To be fair, Ravenloft has been used for an adventure, and released into the "wild" of the DMs Guild already as well. Hopefully the future involves the rest of D&D's 1st-party settings finding their way into the modern game in a more official fashion.

                          Off that topic and on to another that is sort of happening in thread;

                          I've got a weird relationship with the whole OSR movement and many of the products that identify themselves as OSR. I really love, despite the flaws of them, the versions of the game found in the Rules Cyclopedia and the boxed sets that it is a compilation/revision of, and the revised 2nd edition of AD&D (the black covers, with sparing, and often different each campaign, inclusions from the Player's Option series of books), and the OSR is supposed to be a place where I can go and get new stuff in that style... and it is, but with one little detail that I can't seem to stomach; I can't just buy up an adventure that says it's OSR and play it with my preferred rules. I've got to either use the appropriate OSR core rules, of which there are dozens to choose from and all have their own little points of not-quite-compatibility with all the rest and the actual old-school rule-books, or I've got to do various bits of re-configuring to adapt the adventure to the rules I have had in my possession for decades. Both feel like missing the point to me, and in the end, I end up not buying or using any of it.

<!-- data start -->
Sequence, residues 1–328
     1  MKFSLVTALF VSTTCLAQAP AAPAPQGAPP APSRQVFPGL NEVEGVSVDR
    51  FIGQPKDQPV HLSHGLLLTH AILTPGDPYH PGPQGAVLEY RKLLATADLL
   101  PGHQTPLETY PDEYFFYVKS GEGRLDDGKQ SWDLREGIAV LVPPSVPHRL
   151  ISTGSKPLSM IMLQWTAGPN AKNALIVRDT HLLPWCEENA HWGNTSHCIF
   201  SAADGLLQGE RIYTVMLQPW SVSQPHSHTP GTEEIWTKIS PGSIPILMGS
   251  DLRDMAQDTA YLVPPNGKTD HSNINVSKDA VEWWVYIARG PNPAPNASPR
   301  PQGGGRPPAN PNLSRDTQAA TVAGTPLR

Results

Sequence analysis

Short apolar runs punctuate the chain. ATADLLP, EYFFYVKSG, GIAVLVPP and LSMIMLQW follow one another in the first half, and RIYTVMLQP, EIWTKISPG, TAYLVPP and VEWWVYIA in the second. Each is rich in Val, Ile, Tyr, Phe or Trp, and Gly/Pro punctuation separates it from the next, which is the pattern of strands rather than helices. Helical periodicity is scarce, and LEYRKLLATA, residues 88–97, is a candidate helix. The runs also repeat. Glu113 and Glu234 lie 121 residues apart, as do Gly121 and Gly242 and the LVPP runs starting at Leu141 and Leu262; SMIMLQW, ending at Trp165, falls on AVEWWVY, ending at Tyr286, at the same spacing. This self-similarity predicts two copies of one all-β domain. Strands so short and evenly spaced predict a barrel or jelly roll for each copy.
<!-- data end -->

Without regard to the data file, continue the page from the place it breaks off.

Well, that's not quite true... I did buy the Swords & Wizardry version of Rappan Athuk, but that doesn't really count because I only ran that with 5th edition D&D (figured why not, since I'd be doing the same replace-with-nearest-equivalent conversion of all the stats anyways) and only bought the S&W version over the Pathfinder version because I figured the smaller stat-blocks would be easier to read around while running the adventure.